This article was published in The Appalachian.
As budget cuts continue nationwide and the arts become less prevalent in elementary schools, it’s increasingly important to find new ways to expose children to art, music and theatre.
In part, that’s the mission of the Theatre and Dance Department’s Appalachian Young People’s Theatre (AYPT), founded in 1972.
Each spring, students cast in AYPT productions take a child-friendly production on a tour of Western North Carolina elementary schools.
The productions are interactive, giving over 7,000 kids the chance to sing, dance and act along with the cast.
“It is absolutely more important than ever that we, as ambassadors, take the arts into schools,” theatre professor Teresa E. Lee said.
Lee has served as AYPT’s artistic director since 1988.
This year’s production, “Drum Song of Africa: Choriato’s Journey,” is an original collaboration by Lee, local musician Shawn M. Roberts and assistant dance professor Sherone Price.
“Drum Song” tells the story of Choriato, a young boy in a fictitious African village who can hear the songs of animals. In addition to audience participation, the production incorporates storytelling, dance, masks and puppetry.
The origins of “Drum Song” are slightly unusual – it started with a song, not a script. Roberts remembered a snippet of an African song and from there, the story grew.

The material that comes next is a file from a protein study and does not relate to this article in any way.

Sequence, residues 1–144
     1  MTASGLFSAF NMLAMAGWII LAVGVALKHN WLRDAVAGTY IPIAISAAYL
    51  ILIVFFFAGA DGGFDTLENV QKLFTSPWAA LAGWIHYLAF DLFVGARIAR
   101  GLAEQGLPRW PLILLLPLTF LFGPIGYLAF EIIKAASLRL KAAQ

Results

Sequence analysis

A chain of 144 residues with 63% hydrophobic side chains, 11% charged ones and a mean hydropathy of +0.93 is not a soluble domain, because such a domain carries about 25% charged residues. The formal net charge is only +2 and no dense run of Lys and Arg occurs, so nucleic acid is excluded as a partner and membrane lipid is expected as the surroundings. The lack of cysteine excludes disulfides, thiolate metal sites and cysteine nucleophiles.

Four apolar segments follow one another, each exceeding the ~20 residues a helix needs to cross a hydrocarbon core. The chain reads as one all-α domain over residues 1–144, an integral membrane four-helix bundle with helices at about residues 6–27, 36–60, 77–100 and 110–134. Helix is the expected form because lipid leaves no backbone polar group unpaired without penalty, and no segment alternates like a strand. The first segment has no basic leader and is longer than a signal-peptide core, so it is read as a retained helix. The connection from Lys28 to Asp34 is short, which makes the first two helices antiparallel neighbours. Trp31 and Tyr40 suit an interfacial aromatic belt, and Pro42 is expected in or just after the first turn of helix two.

“We did not begin with a written script,” Lee said. “We started with an idea.”
“Drum Song” has already made stops at schools in Ashe, Burke and Watauga Counties. The tour will continue throughout the spring and may veer out of Western North Carolina. Plans are in the works to perform at a school in the Raleigh area.
This year’s AYPT cast will also present three matinees of the performance on Appalachian’s campus.
“Drum Song of Africa” will be presented at the I.G. Greer studio theatre April 1 from 7:30 p.m. to 9 p.m., April 2 from 2 p.m. to 3:30 p.m., and April 3 p.m. from 2 p.m. to 3:30 p.m.
Although all AYPT productions are written and produced for children, adults often enjoy them as well, Lee said.
“That’s what I love about the on-campus performance. It’s multigenerational,” she said. “You can see how the story plays to all ages.”
Lee added that often, AYPT is a chance for overstressed college students to “act like a kid again.”
Tickets to the matinee performances are $10, $8 and $6 and can be purchased at the I.G. Greer studio box office during the week or one hour prior to the show. The box office is open from 2 p.m. to 5 p.m. Monday, Wednesday and
Friday and from 12 p.m. to 5 p.m. Tuesday and Thursday.
Tickets can also be purchased by phone at (828) 262-3063. Group rates are available by calling (828) 262-8342.